Dab cooking! There's actually a name for it! I doubt that my family has always been delighted with my "new taste treats" but they are usually pretty good about shoveling it down. Mostly because they have little choice in the matter.

(As an aside: I love that all her left-overs are on saucers, in a time before Tupperware.)

This past week, I had a ton of left-overs gifted by my mother-in-law after a Mother's Day meal at her house.
  • Monday, the steak was cut into strips and made into fajitas in the crock pot, along with sliced onions, green peppers, a packet of taco seasoning (because I didn't have fajita seasoning on hand) and a can of diced tomatoes with jalapenos. Note: saute the onions and peppers in a little olive oil BEFORE adding to the crock pot to get the proper texture.

  • Tuesday, the french bread became croutons for our salad. This is a great use of left-over bread, second only to garlic bread. Cube it, toss in olive oil mixed with a little salt and italian herbs, and broil until toasty.

  • Wednesday, the broccoli and potatoes went into a chicken casserole with cream-of-mushroom-soup and cheese sauce. My family draws the line at reheated leftover veggies. The only way to get them down is to mix them into a casserole.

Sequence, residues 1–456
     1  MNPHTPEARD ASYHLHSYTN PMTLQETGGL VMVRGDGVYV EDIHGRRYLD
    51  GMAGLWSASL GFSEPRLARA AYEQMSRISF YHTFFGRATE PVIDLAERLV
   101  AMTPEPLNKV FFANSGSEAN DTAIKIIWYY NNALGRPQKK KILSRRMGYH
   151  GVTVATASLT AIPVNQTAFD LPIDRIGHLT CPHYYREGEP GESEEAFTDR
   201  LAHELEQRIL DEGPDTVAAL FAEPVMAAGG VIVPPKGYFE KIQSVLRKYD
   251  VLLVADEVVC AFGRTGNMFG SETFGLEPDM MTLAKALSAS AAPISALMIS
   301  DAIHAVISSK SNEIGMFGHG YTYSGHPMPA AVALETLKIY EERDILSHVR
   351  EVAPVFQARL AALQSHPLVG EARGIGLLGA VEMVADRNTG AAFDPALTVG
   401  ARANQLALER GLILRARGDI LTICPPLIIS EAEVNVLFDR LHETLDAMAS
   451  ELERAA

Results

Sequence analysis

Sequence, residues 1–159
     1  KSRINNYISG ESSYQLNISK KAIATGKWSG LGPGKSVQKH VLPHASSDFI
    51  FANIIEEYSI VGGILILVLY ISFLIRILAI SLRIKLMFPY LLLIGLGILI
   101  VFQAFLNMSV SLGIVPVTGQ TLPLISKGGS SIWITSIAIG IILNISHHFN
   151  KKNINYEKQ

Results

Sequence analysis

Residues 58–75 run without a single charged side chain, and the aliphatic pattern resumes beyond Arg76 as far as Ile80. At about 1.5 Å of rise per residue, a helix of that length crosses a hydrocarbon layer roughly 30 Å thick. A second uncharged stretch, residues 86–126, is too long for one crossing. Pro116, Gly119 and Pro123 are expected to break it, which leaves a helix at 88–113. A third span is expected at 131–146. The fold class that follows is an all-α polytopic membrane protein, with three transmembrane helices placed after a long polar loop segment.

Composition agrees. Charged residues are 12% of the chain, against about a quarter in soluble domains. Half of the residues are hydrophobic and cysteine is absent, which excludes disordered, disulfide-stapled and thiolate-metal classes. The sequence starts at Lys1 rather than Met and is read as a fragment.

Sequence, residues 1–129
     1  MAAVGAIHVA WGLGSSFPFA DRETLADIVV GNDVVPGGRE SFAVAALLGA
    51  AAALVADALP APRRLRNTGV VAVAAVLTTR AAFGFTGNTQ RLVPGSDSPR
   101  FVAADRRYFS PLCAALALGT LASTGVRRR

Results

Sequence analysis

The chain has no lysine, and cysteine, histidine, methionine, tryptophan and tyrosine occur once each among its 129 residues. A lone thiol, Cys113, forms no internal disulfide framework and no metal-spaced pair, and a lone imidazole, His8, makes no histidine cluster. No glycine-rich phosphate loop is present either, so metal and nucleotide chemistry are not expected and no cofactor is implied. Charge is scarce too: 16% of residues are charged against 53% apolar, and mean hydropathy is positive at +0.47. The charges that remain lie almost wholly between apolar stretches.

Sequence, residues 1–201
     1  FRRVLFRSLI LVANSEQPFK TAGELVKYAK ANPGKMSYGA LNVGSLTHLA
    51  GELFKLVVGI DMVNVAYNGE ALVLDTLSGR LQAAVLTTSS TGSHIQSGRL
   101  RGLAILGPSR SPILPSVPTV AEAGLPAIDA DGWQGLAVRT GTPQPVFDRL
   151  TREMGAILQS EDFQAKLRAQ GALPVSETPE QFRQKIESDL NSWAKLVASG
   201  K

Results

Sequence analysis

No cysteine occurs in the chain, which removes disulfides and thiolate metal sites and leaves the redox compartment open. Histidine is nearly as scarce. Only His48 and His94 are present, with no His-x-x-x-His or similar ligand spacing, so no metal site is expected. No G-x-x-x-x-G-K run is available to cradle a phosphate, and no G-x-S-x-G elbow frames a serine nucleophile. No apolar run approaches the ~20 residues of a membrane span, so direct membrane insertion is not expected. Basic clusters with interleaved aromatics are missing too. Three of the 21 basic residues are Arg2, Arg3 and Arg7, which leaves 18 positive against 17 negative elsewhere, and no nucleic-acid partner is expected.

Do you cook with dabs of this and that? If so, what is your favorite dab dish creation? I am always on the hunt for new ideas.

Wednesday, May 15, 2013

bound up

Trimming hooves and weighing lambs and moving sheep wasn't the end of my work Saturday. I scrubbed water tanks, rolled and stored the temporary fence netting, cleaned out the barn. I was on fire. While I was still in my dirty work clothes, I decided that it was way past time to wash the sheep coats vacated on shearing day only two months ago. I am so timely. But washing is a bit of a chore, so I tend to put it off.

I am very lucky to have a dedicated washing machine in the basement for sheep-related items. It was our old top loader, that didn't give up the ghost but makes a heck of a racket when it is agitating. Imagine a donkey in labor. It can handle a few washloads per year, and it does a swell job of spinning water out of rinsed fleece and yarn, so I am most grateful for its assistance.

The one drawback: it isn't hooked up to a water supply, so washing requires filling the drum by hand. Bit by bit I fill it up, then it agitates in its noisy fashion while I stand guard to make sure the filthy spin cycle water is properly deposited in the sink. Lather and repeat for the rinse cycle.

On Saturday, after I had done two loads of sheep coats, I put a load of jeans in the regular washing machine and went off to do other non-sheepy things, finally. (If memory serves, I took a nap.) It was a bit of a surprise when Secondo discovered a flooded laundry area a few hours later.